Continuing the trail and history even further back: Frank Morley Fletcher was (also) taught by Fernand Cormond (1845-1924), most important historical painter of France, attending the Cormond school in Paris in1888.

Class of 1885 of Fernand Cormond's school in Paris.

Before him Henri Toulouse-Lautrec and Vincent van Gogh took classes there. And there Frank Morley Fletcher, Godfather of all English woodblock printers, became interested in woodblock printing.

In 1889 the World Exhibition took place in Paris. Some 32.000.000 (!) visitors came to Paris over 6.000.000 by train alone. Among them most heads of European states and many contemporary important artists. The list is long. Whistler was there, Gauguin, van Gogh, Edvard Munch, Buffalo Bill Cody and many many others visited the pavillions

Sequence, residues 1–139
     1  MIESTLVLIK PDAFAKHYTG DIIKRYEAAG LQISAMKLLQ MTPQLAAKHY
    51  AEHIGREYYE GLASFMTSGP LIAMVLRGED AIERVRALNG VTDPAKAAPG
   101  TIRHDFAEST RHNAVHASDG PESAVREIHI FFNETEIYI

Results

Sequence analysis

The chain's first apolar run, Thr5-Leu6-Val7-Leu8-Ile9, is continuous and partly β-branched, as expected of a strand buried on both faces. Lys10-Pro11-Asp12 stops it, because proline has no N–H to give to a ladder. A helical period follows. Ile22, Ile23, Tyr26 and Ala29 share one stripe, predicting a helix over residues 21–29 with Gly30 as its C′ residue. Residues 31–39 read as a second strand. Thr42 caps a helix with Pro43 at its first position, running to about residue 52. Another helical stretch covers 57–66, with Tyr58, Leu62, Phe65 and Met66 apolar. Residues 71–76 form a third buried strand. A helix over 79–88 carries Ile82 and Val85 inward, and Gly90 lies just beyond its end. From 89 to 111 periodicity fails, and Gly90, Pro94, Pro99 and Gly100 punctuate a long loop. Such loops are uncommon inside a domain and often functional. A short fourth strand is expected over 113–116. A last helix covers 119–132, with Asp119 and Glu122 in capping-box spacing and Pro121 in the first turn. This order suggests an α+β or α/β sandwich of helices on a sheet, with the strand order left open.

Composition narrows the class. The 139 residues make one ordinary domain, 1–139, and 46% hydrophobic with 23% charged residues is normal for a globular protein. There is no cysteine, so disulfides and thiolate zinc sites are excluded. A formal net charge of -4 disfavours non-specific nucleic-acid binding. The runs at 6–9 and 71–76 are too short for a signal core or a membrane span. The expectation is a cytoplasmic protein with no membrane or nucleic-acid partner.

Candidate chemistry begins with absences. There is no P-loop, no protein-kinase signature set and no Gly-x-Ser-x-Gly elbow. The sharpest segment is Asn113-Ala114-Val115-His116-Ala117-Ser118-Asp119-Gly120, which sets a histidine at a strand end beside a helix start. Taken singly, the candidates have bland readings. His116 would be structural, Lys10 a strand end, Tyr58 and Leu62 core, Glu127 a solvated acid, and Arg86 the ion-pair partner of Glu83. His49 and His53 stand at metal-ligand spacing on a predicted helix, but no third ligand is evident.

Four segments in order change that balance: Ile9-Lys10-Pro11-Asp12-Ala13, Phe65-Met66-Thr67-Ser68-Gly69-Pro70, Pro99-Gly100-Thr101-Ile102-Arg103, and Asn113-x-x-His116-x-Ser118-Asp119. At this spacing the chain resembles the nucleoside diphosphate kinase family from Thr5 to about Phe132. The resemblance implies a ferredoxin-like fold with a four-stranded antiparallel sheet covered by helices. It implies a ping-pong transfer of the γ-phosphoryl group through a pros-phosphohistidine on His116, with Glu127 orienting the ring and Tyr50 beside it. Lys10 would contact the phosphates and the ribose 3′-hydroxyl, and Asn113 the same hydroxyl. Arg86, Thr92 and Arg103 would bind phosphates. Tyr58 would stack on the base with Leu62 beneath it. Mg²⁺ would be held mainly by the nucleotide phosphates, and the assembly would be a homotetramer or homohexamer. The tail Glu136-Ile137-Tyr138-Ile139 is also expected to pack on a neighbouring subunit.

The World Fair was held on the grounds near the river Seine were the newly constructed Eifel Tower served as an entrance symbol, and again later in 1900. In 1909 all buildings were demolished and the grounds redesigned into the park as it now exists.

Auguste Lepère (1849-1918) Exposition Internationale 1889 .

(Exactly the same spot, see the perspective, but the party over and the crowds gone)


To be continued soon with postings on the solo prints of both ladies: Margaret Whittemore and Avis Chitwood.


  1. All the connections between these artists are very interesting. How do you know that FMF became interested in woodblock in Paris? I thought the connection was an American one.

    If you do the same thing for the Europeans you get a Paris connection back to William Nicholson and not Morley Fletcher!

  2. Kansas! I studied printmaking in that lovely state, what a nice post!